Training and Qualifications
PhD in Neuroscience, The University of Queensland
PT OMT svomp (2006)
MManipTher, Curtin University of Technology (2005)
BSc, School for Physiotherapy Schinznach Switzerland (2001)
MMACP, MManipTher, PhD
- Wellcome Clinical Career Development Fellow
- NIHR Oxford BRC Senior Research Fellow
- Specialist Musculoskeletal Physiotherapist MMACP
Peripheral entrapment neuropathies such as carpal tunnel syndrome or radiculopathies are common conditions that are caused by compression of a nerve as it travels through narrow anatomical spaces. Symptoms include tingling, numbness and weakness and many patients develop neuropathic pain. The first-line treatment for entrapment neuropathies is non-surgical management including physiotherapy and pharmacology. However, the effects of non-surgical management are often modest. A major road-block to delivering more effective interventions is a lack of understanding of disease mechanisms resulting in inadequate patient stratification.
My research focusses on advancing our understanding of the pathophysiology of entrapment neuropathies with the ultimate aim to develop precision physiotherapy and improve management for these patients.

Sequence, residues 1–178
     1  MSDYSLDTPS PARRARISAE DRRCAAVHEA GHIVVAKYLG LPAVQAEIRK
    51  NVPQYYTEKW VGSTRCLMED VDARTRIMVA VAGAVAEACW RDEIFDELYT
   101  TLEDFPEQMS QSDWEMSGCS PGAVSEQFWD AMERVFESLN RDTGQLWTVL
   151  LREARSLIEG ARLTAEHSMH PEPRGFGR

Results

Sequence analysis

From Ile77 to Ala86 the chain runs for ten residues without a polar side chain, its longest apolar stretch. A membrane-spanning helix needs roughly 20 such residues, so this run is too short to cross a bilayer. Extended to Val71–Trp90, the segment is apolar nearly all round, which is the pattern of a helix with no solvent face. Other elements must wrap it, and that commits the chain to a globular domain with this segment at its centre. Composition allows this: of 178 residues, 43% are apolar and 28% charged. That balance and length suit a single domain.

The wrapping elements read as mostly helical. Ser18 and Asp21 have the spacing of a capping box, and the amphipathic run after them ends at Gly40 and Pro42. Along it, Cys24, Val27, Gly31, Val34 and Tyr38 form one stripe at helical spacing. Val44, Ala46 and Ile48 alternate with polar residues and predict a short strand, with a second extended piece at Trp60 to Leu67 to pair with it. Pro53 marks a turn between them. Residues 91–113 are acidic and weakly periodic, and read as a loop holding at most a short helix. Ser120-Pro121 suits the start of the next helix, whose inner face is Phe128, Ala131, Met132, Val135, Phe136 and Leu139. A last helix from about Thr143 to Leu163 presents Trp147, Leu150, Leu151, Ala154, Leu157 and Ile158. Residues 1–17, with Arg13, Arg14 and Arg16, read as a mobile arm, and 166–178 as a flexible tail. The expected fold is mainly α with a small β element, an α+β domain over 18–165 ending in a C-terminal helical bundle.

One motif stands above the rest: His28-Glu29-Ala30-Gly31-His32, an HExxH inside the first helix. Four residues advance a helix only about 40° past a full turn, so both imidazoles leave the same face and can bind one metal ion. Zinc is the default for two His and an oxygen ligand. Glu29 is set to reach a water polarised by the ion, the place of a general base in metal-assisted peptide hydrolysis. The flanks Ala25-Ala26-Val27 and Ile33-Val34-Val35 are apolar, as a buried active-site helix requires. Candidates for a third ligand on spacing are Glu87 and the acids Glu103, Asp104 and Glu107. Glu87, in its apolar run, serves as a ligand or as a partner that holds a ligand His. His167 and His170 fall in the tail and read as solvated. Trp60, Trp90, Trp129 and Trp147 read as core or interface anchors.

My group uses entrapment neuropathies as unique model systems that allow the prospective evaluation of nerve injury and repair in the context of neuropathic pain. We use a range of methodologies including deep clinical phenotyping with quantitative sensory testing and neurophysiological methods. I have also been at the forefront in developing advanced neuroimaging methods to visualise peripheral nerves at ultra-high field strength (MR neurography). In addition, we use a range of technologies (e.g., RNA sequencing, qPCR, specialised histology) to study the cellular and molecular aspects of entrapment neuropathies. This multimodal and innovative approach allows a detailed understanding of the mechanisms underlying entrapment neuropathies and neuropathic pain in general.